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Version: 3.0.0

Fetching Spot Prices

Fetching Token Prices with the SDK#

This guide will teach you how to fetch the current market price of any token on Uniswap. First, you will learn how to call the getter methods token0Price and token1Price exposed on Pool instances. Then you will peek under the hood and learn how the SDK calculates these quantities from the sqrtPriceX96 value. Going through these calculations will hopefully provide the necessary context behind fixed-point numbers, square roots, and difficult-to-understand variable names like sqrtPriceX96. :)

Calling the functions#

Similar to other examples, you first must set up your pool. If you’re unsure how to collect all the parameters necessary in creating a Pool instance see Creating a Pool Instance or look at this typescript example. The Pool class contains two getter methods token0Price and token1Price which will return the prices of each token respectively as a Price.

After constructing the pool, you can save the token prices as constants:

  const DAI_USDC_POOL = new Pool(    DAI,    USDC,    immutables.fee,    state.sqrtPriceX96.toString(),    state.liquidity.toString(),    state.tick  )    const token0Price =  DAI_USDC_POOL.token0Price  const token1Price = DAI_USDC_POOL.token1Price

Understanding sqrtPrice#

What is sqrtPriceX96?

In Uniswap V3, prices of tokens are stored in the 0th slot of the pool state. Storing the price values instead of deriving them allows pools to perform higher precision operations. In the actual implementation, prices are stored as square roots, hence the sqrt prefix. The price is stored as a square root because of the geometric nature of the core AMM algorithm, x*y=k. Essentially, the math works out well when working with the square root of the price.

In addition, you'll notice the X96 suffix at the end of the variable name. This X* naming convention is used throughout the Uniswap V3 codebase to indicate values that are encoded as binary fixed-point numbers. Fixed-point is excellent at representing fractions while maintaining consistent fidelity and high precision in integer-only environments like the EVM, making it a perfect fit for representing prices, which of course are ultimately fractions. The number after X indicates the number of fraction bits - 96 in this case - reserved for encoding the value after the decimal point. The number of integer bits can be trivially derived from the size of the variable and the number of fraction bits. In this case, sqrtPriceX96 is stored as a uint160, meaning that there are 160 - 96 = 64 integer bits.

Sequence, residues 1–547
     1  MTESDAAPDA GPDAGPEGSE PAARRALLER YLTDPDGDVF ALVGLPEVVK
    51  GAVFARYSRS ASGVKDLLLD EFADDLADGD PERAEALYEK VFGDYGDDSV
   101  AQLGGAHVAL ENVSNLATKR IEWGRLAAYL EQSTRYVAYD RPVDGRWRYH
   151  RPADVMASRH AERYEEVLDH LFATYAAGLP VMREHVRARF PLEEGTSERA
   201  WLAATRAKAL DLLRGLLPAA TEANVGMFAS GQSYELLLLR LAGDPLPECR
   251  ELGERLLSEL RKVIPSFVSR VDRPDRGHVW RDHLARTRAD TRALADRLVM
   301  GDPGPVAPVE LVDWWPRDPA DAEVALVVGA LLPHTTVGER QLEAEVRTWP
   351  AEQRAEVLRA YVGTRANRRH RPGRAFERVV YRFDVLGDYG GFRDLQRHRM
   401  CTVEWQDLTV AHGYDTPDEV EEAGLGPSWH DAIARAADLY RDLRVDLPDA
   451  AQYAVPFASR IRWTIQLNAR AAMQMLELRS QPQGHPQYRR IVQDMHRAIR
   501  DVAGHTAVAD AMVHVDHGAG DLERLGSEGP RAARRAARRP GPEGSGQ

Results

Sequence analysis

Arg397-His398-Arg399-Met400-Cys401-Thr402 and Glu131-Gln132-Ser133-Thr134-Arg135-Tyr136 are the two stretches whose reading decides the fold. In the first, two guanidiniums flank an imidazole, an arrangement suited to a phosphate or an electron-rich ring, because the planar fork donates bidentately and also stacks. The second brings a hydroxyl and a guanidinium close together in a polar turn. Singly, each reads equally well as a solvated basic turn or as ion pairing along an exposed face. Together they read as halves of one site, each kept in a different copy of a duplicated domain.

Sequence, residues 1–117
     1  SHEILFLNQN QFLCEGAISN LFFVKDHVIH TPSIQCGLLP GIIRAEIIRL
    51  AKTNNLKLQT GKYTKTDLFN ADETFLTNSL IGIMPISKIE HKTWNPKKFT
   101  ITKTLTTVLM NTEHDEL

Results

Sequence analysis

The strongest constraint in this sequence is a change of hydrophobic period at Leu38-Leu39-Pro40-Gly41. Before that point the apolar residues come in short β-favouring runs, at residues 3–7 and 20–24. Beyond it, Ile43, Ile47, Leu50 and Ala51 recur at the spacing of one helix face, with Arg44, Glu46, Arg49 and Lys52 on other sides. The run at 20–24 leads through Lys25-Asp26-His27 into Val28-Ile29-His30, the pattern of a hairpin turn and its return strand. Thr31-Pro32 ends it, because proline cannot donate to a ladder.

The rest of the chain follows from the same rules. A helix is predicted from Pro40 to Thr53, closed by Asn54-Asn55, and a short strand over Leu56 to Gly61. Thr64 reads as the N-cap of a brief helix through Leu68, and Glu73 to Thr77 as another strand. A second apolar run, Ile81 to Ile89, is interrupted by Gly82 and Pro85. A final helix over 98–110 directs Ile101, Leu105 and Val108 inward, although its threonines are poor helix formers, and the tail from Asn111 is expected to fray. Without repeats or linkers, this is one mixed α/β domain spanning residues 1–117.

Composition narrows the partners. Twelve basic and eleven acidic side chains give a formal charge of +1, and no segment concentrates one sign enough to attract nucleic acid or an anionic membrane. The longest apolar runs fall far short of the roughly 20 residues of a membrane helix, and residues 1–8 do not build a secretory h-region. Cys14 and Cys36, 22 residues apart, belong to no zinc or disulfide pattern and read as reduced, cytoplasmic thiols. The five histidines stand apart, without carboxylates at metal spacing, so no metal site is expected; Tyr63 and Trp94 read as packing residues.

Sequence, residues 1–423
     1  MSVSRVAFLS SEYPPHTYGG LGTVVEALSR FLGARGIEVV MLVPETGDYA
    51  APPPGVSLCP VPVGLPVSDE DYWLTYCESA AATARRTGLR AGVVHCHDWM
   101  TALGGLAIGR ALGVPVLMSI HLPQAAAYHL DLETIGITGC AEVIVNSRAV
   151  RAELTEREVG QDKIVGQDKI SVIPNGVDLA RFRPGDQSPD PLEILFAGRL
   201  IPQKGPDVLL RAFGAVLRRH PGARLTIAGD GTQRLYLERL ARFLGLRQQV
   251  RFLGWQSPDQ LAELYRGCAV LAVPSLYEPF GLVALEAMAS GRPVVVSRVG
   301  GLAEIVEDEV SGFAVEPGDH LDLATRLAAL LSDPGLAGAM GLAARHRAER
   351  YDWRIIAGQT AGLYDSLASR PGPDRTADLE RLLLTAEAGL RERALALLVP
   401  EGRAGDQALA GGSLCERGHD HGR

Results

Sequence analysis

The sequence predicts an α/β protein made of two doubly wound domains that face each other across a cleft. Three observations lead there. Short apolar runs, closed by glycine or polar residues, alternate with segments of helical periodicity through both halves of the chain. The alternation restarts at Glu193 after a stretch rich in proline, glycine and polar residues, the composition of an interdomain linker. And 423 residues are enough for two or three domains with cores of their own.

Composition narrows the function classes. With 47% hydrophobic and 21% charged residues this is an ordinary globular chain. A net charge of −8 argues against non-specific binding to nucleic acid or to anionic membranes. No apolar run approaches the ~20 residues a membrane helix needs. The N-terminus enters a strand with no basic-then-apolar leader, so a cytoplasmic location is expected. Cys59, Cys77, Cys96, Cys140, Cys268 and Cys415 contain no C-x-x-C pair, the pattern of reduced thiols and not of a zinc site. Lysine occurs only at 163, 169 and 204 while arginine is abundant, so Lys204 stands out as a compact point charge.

Consider the following derivation, which formalizes the definitions above:

sqrtPriceX96 = sqrt(price) * 2 ** 96

Thus, to get a price from a sqrtPriceX96 value, you can execute the following operations:

sqrtPriceX96 = sqrt(price) * 2 ** 96# divide both sides by 2 ** 96sqrtPriceX96 / (2 ** 96) = sqrt(price)# square both sides(sqrtPriceX96 / (2 ** 96)) ** 2 = price# expand the squared fraction(sqrtPriceX96 ** 2) / ((2 ** 96) ** 2)  = price# multiply the exponents in the denominator to get the final expressionsqrtRatioX96 ** 2 / 2 ** 192 = price

You will see that the formula in the last step is how the SDK calculates the prices with the functions token0Price and token1Price.

token0Price#

Let's apply the math derived above to the functions token0Price and token1Price. Note that sqrtRatioX96 is interchangeable with sqrtPriceX96.

  /**   * Returns the current mid-price of the pool in terms of token0, i.e. the ratio of token1 over token0   */  public get token0Price(): Price<Token, Token> {    return (      this._token0Price ??      (this._token0Price = new Price(        this.token0,        this.token1,        Q192,        JSBI.multiply(this.sqrtRatioX96, this.sqrtRatioX96)      ))    )  }

token0Price returns a new Price as the ratio of token1 over token0. Note that a Price is constructed by:

constructor(    baseToken: Token,     quoteToken: Token,    denominator: BigintIsh,     numerator: BigintIsh)

Let's break down the denominator and the numerator of the returned price and prove that it matches the math derived above. Recall that the expression achieved above is

price = sqrtRatioX96 ** 2 / 2 ** 192

The numerator#

It's worth noting that the numerator is misleadingly listed below the denominator in the constructor for a Price. In any case, you will see that the numerator of the fraction is JSBI.multiply(this.sqrtRatioX96, this.sqrtRatioX96) which nicely follows the math above: sqrtPriceX96 ** 2.

The denominator#

The denominator is Q192. To break this number down recall the following constants defined in the SDK:

export const Q96 = JSBI.exponentiate(JSBI.BigInt(2), JSBI.BigInt(96))export const Q192 = JSBI.exponentiate(Q96, JSBI.BigInt(2))

Thus, the denominator for the token0Price also matches the math derived above where Q192 is (2 ** 96) * (2 ** 96) which is the same as (2 ** 192).

token1Price#

Recall that token0Price is the ratio of token1 over token0 and that token1Price is the ratio of token0 over token1. This means that the derivation for token1Price follows the same math except the numerator and denominator are flipped, implying the inverse.

So instead of

price = sqrtRatioX96 ** 2 / 2 ** 192

you have

 price =  2 ** 192 / sqrtRatioX96 ** 2

which is simply shown below in the function definition of token1Price :

  /**   * Returns the current mid-price of the pool in terms of token1, i.e. the ratio of token0 over token1   */  public get token1Price(): Price<Token, Token> {    return (      this._token1Price ??      (this._token1Price = new Price(        this.token1,        this.token0,        JSBI.multiply(this.sqrtRatioX96, this.sqrtRatioX96),        Q192      ))    )  }

You can see that in the function definition the numerator is now Q192 and the denominator is now JSBI.multiply(this.sqrtRatioX96, this.sqrtRatioX96), matching the expression above.